I found this through PureMix.net, and they may limit access to it after the next few days, so check it out quick if you get the chance. I think they’re promoting it so you’ll go buy the full series (3 Part) from them.
There are some choppy issues in the video at times, annoying but I got past it.
I’m starting it at 0:15:47 for you as that’s where he really starts talking about the process. He talks about how to approach stem mastering with clients, pricing, etc. Prior to that is jabber and background about stems.
Technical video segue is 0:28:40-0:33:55, and further commentary and Q&A goes on for 2+ hours. I’m just pointing you to the interesting parts I saw that are beyond basic and the core of the conversation that I saw in my listening so far.
Hopefully this can stimulate a discussion about using stems for mastering (or even mixing), pro’s and con’s, experiences, thoughts, reservations, etc.
One thing I paid attention to was ~0:25:00 where he says that a Stem Master can take a half to a whole day, whereas a Stereo Master takes him 1.0-1.5 hours. So it’s definitely an extreme measure. But if the project needs it and the project is worth it, having the option can be nice.
Kind of makes sense. Essentially in stereo mastering you’re trying to get the output maximized while retaining dynamic range, and tweaking the eq as a whole. With 4 stems you would have 4 or five times the work to finalize everything.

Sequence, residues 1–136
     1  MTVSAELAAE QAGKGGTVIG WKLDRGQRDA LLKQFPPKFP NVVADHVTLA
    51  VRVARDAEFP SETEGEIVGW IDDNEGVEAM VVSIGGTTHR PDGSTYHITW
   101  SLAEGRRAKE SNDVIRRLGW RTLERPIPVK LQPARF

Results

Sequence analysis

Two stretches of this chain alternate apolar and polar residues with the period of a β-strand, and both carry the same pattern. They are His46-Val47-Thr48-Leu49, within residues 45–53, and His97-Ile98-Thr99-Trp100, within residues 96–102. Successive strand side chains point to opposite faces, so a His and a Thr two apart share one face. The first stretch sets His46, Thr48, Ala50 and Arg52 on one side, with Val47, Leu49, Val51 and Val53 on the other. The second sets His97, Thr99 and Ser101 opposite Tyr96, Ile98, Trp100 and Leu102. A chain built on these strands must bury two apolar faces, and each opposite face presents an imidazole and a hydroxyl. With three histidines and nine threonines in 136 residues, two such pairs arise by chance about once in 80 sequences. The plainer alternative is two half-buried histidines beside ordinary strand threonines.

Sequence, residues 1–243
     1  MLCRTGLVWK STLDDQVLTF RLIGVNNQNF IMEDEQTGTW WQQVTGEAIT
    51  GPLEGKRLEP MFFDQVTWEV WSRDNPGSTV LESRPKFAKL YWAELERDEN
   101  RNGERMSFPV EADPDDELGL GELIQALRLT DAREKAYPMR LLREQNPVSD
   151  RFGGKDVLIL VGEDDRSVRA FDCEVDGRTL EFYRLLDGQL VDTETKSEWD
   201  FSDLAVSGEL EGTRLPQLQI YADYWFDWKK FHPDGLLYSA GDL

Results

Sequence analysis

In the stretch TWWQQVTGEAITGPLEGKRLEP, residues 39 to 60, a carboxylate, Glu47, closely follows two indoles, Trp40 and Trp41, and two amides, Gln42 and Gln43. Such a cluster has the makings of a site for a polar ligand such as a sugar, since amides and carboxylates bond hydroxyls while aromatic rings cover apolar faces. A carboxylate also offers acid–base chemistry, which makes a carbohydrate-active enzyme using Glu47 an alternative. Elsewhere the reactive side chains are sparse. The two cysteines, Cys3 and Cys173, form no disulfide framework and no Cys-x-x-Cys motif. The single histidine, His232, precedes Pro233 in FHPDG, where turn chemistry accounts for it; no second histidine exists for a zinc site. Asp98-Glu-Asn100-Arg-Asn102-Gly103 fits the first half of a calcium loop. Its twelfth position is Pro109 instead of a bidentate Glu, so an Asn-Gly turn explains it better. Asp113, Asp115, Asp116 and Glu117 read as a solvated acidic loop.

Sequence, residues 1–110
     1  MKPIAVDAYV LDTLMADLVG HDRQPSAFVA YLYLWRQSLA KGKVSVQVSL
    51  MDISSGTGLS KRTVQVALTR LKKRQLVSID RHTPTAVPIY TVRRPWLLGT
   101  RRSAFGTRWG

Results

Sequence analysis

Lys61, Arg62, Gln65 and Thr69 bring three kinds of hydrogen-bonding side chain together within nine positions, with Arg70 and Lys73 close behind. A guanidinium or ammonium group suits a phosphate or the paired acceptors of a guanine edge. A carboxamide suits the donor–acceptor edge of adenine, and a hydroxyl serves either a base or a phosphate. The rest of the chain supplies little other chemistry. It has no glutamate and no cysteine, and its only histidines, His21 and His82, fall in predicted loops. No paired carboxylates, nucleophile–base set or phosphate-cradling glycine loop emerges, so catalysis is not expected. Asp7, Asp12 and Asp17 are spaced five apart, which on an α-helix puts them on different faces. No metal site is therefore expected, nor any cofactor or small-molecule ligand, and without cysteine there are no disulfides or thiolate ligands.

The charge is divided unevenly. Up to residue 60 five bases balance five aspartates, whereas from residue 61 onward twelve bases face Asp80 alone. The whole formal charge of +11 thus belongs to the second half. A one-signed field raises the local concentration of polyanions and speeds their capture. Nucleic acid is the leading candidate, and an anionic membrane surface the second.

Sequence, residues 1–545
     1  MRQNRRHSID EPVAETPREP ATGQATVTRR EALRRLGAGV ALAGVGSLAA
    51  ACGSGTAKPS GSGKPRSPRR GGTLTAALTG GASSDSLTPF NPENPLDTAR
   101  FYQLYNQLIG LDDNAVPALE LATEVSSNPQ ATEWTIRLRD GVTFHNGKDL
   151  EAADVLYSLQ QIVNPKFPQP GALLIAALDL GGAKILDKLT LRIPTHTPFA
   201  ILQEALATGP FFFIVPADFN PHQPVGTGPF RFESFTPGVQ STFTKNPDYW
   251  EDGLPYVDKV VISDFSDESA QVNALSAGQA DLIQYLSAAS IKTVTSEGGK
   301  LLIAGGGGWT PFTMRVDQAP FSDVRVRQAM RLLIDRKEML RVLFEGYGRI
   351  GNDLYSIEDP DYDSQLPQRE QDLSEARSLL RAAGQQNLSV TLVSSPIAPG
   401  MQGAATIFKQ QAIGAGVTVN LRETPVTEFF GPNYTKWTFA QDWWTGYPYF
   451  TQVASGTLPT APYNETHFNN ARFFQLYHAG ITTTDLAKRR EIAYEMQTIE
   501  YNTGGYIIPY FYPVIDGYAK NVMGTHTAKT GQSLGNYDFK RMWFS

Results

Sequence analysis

I made it through about forty minutes, does he start getting into specific techniques and examples at some point? I kind of get the feeling he doesn’t want to give up his tricks, other than basic reasons why stems can be useful to an engineer who hears room for improvement on a stereo mix.
I haven’t made it through the whole thing myself yet, and I believe this is a “for sale” course through PureMix so yeah he’s not going to give all the secrets on a public YouTube video. Still, in a 2 hour interview they seem to covering a lot of stuff.
I just heard the part at 49:40 where they delve into why Mike thinks “a compressor on top of a compressor” is always a bad idea. He had stated that a bit earlier in the conversation, and I really perked up my ears at that one … then someone on their live Facebook feed asked the obvious question “why”. At 49:40 they go into this, and his concern is that the “time constants” (attack/release) of the different compressors will clash with each other and it bugs him so much he won’t do it. This is speaking about using them on the same buss or together on the master if I heard it correctly. Of course during his Stem Mastering he is using a compressor on each Stem and probably one on the Stereo Master of the stems. But they are technically not “on top of each other” at that point, is what he seems to be saying. He mentions having one slow compressor and one fast compressor, and that’s not as distasteful to him, but he still avoids it in his work. Keep in mind, this guy has been in the business for 30-40 years I think, and is now perhaps making most of his livelihood from mastering, so he’s going to be super picky is what I got from it.